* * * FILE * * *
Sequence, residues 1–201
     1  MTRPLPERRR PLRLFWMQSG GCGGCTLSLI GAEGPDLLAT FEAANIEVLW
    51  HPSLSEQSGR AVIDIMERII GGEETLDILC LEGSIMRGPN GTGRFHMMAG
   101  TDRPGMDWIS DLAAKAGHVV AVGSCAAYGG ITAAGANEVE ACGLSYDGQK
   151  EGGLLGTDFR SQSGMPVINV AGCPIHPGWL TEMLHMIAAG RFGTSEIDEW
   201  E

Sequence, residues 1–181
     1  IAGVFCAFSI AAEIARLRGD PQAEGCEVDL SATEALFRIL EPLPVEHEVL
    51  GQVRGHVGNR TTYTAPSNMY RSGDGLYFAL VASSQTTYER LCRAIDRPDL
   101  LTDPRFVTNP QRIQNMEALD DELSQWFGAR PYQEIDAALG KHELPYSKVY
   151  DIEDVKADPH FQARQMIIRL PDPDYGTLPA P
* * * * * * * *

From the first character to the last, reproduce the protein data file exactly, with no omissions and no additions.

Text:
Sequence, residues 1–201
     1  MTRPLPERRR PLRLFWMQSG GCGGCTLSLI GAEGPDLLAT FEAANIEVLW
    51  HPSLSEQSGR AVIDIMERII GGEETLDILC LEGSIMRGPN GTGRFHMMAG
   101  TDRPGMDWIS DLAAKAGHVV AVGSCAAYGG ITAAGANEVE ACGLSYDGQK
   151  EGGLLGTDFR SQSGMPVINV AGCPIHPGWL TEMLHMIAAG RFGTSEIDEW
   201  E

Sequence, residues 1–181
     1  IAGVFCAFSI AAEIARLRGD PQAEGCEVDL SATEALFRIL EPLPVEHEVL
    51  GQVRGHVGNR TTYTAPSNMY RSGDGLYFAL VASSQTTYER LCRAIDRPDL
   101  LTDPRFVTNP QRIQNMEALD DELSQWFGAR PYQEIDAALG KHELPYSKVY
   151  DIEDVKADPH FQARQMIIRL PDPDYGTLPA P